Charles Sumner, pre- and post-France

Charles Sumner, traveling in Maryland (February 24, 1834): "The whole country was barren and cheerless; houses were sprinkled very thinly on the road, and when they did appear they were little better than hovels [. . .] For the first time I saw slaves, and my worst preconception of their appearance and ignorance did not fall as low as their actual stupidity. They appear to be nothing more than moving masses of flesh, unendowed with any thing of intelligence above the brutes. I have now an idea of the blight upon that part of our country in which they live."

Charles Sumner, studying in Paris (January 13, 1838): "[The lecturer] had quite a large audience, among whom I noticed two or three blacks, or rather mulattoes,— two-thirds black, perhaps, — dressed quite a la mode, and having the easy, jaunty air of young men of fashion, who were well received by their fellow students. They were standing in the midst of a knot of young men; and their color seemed to be no objection to them. I was glad to see this; though, with American impressions, it seemed very strange. It must be, then, that the distance between free blacks and the whites among us is derived from education, and does not exist in the nature of things."

David McCullough, in The Greater Journey: Americans in Paris:

It was for Sumner a stunning revelation. Until this point he is not known to have shown any particular interest in the lives of black people, neither free blacks nor slaves. On his trip to Washington a few years earlier, traveling by rail through Maryland, he had seen slaves for the first time. They were working in the fields, and as he made clear in his journal, he felt only disdain for them. [. . .] He was to think that way no longer.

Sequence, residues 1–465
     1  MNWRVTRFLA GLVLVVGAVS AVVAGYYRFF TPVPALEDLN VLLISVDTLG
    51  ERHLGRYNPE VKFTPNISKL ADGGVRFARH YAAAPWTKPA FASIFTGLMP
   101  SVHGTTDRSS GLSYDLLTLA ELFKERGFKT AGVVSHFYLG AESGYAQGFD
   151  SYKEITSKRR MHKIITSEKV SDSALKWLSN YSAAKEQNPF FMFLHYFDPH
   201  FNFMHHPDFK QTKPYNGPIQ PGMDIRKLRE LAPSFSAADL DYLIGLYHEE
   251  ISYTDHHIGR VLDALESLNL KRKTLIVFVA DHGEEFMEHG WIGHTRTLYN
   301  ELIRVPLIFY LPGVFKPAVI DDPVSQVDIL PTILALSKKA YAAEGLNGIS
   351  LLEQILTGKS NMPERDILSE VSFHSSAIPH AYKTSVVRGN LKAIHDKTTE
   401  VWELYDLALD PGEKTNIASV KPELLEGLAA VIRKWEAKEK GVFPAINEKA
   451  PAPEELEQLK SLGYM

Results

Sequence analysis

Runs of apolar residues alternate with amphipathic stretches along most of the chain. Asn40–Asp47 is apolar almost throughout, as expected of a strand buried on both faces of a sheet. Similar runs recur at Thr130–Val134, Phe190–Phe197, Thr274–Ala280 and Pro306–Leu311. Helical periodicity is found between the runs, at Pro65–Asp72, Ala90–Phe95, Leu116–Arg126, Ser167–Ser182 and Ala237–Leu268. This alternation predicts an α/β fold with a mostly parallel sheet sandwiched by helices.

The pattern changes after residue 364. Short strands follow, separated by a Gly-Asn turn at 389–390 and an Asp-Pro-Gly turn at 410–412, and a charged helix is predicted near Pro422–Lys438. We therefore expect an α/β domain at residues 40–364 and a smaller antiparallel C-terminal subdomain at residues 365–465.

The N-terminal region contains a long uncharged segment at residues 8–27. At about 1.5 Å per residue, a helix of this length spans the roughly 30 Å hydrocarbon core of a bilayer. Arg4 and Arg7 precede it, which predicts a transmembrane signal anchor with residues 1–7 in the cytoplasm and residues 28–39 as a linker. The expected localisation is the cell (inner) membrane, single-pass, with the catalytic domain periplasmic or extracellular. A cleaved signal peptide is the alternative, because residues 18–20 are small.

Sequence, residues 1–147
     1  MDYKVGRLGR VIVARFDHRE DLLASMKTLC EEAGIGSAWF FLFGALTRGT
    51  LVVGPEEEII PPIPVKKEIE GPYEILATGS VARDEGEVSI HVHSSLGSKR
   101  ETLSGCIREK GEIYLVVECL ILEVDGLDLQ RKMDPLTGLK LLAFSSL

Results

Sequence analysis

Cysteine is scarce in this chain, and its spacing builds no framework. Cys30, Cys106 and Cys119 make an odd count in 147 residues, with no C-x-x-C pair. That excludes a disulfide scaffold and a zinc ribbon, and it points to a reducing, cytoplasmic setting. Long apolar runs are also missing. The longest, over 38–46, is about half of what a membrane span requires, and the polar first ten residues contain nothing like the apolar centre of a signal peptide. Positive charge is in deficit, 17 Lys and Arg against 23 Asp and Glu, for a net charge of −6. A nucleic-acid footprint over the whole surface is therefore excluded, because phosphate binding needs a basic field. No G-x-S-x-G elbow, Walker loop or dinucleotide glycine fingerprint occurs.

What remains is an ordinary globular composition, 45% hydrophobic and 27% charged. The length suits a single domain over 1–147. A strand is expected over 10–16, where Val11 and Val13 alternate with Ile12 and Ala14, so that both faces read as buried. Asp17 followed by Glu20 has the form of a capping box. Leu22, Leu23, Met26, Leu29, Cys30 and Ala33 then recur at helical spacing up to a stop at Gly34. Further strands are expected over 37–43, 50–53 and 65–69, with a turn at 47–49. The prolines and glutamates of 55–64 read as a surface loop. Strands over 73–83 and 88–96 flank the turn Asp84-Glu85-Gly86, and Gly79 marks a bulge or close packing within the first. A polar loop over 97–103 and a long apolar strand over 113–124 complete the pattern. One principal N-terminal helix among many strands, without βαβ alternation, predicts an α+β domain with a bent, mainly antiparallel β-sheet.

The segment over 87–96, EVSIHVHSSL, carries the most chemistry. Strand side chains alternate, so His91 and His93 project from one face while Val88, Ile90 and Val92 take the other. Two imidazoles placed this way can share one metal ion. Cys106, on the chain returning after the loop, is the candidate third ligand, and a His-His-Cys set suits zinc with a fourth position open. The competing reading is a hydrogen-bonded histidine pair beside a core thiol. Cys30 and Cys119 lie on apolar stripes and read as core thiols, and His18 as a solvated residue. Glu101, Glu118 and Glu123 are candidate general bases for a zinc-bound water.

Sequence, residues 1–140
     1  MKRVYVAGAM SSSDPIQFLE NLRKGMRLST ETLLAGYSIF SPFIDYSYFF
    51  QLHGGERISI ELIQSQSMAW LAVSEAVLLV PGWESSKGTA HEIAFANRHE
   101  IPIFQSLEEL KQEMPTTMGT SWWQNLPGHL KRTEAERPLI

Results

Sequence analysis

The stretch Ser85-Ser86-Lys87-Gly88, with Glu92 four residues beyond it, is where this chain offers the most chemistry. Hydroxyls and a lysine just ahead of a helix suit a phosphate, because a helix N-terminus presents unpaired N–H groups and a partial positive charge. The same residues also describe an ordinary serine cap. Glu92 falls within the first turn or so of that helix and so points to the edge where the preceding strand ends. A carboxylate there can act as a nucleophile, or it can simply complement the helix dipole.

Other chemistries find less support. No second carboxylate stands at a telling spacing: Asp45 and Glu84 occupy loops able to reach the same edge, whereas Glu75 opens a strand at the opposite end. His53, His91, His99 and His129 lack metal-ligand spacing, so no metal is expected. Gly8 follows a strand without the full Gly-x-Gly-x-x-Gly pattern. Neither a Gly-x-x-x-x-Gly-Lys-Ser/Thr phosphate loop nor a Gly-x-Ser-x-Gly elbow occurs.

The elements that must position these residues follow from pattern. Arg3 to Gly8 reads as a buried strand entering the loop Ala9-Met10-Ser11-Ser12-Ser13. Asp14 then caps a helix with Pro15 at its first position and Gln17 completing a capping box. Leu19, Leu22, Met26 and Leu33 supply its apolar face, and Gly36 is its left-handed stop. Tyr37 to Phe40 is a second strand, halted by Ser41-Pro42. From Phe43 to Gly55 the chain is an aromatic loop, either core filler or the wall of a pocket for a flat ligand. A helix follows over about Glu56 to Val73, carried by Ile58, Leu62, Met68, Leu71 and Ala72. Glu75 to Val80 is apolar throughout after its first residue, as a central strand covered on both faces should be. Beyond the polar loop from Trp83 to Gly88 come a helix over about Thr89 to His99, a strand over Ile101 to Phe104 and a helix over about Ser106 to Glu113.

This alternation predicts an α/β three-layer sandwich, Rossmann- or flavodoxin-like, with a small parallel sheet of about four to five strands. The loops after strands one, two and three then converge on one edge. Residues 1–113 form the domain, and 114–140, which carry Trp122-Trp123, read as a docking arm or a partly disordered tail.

It would be a while before Sumner's revelation--that attitudes about race in America were taught, not part of "the nature of things"--would take effect in his career, but when it did, the consequences would be profound. Indeed, of all that Americans were to "bring home" from their time in Paris in the form of newly acquired professional skills, new ideas, and new ways of seeing things, this insight was to be as important as any.

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